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Highly Immunoreactive IgG Antibodies Directed against a Set of Twenty Human Proteins in the Sera of Patients with Amyotrophic Lateral Sclerosis Identified by Protein Array

  • Caroline May ,

    Caroline.May@rub.de

    Affiliation Department of Medical Proteomics/Bioanalytics, Medizinisches Proteom-Center, Ruhr-University Bochum, Bochum, Germany

  • Eckhard Nordhoff,

    Affiliation Department of Medical Proteomics/Bioanalytics, Medizinisches Proteom-Center, Ruhr-University Bochum, Bochum, Germany

  • Swaantje Casjens,

    Affiliation Institute for Prevention and Occupational Medicine of the German Social Accident Insurance, Institute of Ruhr-University Bochum, Bochum, Germany

  • Michael Turewicz,

    Affiliation Department of Medical Proteomics/Bioanalytics, Medizinisches Proteom-Center, Ruhr-University Bochum, Bochum, Germany

  • Martin Eisenacher,

    Affiliation Department of Medical Proteomics/Bioanalytics, Medizinisches Proteom-Center, Ruhr-University Bochum, Bochum, Germany

  • Ralf Gold,

    Affiliation St. Josef-Hospital, Ruhr-University Bochum, Bochum, Germany

  • Thomas Brüning,

    Affiliation Institute for Prevention and Occupational Medicine of the German Social Accident Insurance, Institute of Ruhr-University Bochum, Bochum, Germany

  • Beate Pesch,

    Affiliation Institute for Prevention and Occupational Medicine of the German Social Accident Insurance, Institute of Ruhr-University Bochum, Bochum, Germany

  • Christian Stephan,

    Affiliation Department of Medical Proteomics/Bioanalytics, Medizinisches Proteom-Center, Ruhr-University Bochum, Bochum, Germany

  • Dirk Woitalla,

    Affiliation St. Josef-Hospital, Ruhr-University Bochum, Bochum, Germany

  • Botond Penke,

    Affiliation Department of Medical Chemistry, University of Szeged, Szeged, Hungary

  • Tamás Janáky,

    Affiliation Department of Medical Chemistry, University of Szeged, Szeged, Hungary

  • Dezső Virók,

    Affiliation Institute of Clinical Microbiology, University of Szeged, Szeged, Hungary

  • László Siklós,

    Affiliation Institute of Biophysics, Biological Research Center of the Hungarian Academy of Sciences, Szeged, Hungary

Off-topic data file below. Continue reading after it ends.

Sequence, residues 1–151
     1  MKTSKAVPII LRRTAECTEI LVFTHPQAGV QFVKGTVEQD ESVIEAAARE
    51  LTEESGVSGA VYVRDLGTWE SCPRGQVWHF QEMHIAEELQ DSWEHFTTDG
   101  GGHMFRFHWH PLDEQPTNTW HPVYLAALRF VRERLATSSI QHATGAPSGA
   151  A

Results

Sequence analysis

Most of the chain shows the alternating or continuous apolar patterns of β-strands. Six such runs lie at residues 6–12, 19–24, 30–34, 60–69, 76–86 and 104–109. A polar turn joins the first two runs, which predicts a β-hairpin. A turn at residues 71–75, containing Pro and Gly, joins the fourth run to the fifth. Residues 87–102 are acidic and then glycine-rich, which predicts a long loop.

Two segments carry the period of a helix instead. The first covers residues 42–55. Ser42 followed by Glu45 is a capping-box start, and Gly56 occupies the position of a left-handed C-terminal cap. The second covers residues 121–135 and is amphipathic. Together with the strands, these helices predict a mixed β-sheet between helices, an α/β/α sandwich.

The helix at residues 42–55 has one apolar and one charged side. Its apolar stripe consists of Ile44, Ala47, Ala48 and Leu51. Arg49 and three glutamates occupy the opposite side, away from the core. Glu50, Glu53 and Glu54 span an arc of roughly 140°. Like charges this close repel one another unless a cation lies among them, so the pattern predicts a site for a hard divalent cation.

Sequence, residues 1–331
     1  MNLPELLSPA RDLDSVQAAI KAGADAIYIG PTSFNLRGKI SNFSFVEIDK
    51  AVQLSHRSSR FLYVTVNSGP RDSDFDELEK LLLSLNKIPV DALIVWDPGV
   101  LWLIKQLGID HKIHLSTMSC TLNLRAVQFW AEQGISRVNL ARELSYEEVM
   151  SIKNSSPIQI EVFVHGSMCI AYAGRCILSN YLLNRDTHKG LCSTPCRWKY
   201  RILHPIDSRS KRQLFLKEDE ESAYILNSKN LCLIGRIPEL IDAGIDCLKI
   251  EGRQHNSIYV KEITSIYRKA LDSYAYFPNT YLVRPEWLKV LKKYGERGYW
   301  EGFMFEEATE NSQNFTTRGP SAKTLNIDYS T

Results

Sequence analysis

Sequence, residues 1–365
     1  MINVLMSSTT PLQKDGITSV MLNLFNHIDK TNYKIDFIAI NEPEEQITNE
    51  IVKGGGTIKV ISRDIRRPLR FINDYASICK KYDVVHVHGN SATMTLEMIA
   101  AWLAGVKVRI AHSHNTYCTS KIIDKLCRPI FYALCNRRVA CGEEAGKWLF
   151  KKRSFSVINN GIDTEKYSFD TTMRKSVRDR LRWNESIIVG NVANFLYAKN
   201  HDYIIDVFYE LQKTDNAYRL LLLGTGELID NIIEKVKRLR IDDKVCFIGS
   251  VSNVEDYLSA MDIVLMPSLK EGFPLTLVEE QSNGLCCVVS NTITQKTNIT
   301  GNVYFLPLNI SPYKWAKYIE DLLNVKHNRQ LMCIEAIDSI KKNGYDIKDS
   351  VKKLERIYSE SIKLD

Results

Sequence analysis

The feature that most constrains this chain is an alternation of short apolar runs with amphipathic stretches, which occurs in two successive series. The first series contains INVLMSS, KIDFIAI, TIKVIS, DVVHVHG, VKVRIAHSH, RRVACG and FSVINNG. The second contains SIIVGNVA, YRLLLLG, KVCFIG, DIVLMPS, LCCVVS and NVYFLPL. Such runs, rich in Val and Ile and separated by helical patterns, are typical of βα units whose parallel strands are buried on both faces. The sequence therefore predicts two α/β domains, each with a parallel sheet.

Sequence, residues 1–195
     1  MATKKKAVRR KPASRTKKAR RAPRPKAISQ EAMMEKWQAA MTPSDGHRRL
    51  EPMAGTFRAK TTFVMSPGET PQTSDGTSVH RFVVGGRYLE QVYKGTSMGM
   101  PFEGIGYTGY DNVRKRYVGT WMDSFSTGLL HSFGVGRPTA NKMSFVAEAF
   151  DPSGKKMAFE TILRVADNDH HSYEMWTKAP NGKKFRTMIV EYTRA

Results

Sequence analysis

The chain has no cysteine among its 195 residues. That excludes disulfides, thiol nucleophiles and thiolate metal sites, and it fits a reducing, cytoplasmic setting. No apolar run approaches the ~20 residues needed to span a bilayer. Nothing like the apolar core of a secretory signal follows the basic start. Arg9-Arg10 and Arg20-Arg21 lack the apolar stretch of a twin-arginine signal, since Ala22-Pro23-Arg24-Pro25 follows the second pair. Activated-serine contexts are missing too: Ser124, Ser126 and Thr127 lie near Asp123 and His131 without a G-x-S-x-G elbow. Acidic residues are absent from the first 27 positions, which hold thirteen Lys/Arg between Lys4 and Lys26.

• Jozsef I. Engelhardt ,

    Contributed equally to this work with: Jozsef I. Engelhardt, Helmut E. Meyer

    Affiliation Department of Neurology, University of Szeged, Szeged, Hungary

  •  [ ... ],
  • Helmut E. Meyer

    Contributed equally to this work with: Jozsef I. Engelhardt, Helmut E. Meyer

    Affiliations Department of Medical Proteomics/Bioanalytics, Medizinisches Proteom-Center, Ruhr-University Bochum, Bochum, Germany, Leibniz-Institut für Analytische Wissenschaften - ISAS - e.V., Dortmund, Germany

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Highly Immunoreactive IgG Antibodies Directed against a Set of Twenty Human Proteins in the Sera of Patients with Amyotrophic Lateral Sclerosis Identified by Protein Array

  • Caroline May, 
  • Eckhard Nordhoff, 
  • Swaantje Casjens, 
  • Michael Turewicz, 
  • Martin Eisenacher, 
  • Ralf Gold, 
  • Thomas Brüning, 
  • Beate Pesch, 
  • Christian Stephan, 
  • Dirk Woitalla
PLOS
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Abstract

Amyotrophic lateral sclerosis (ALS), the most common adult-onset motor neuron disorder, is characterized by the progressive and selective loss of upper and lower motor neurons. Diagnosis of this disorder is based on clinical assessment, and the average survival time is less than 3 years. Injections of IgG from ALS patients into mice are known to specifically mark motor neurons. Moreover, IgG has been found in upper and lower motor neurons in ALS patients. These results led us to perform a case-control study using human protein microarrays to identify the antibody profiles of serum samples from 20 ALS patients and 20 healthy controls. We demonstrated high levels of 20 IgG antibodies that distinguished the patients from the controls. These findings suggest that a panel of antibodies may serve as a potential diagnostic biomarker for ALS.

Introduction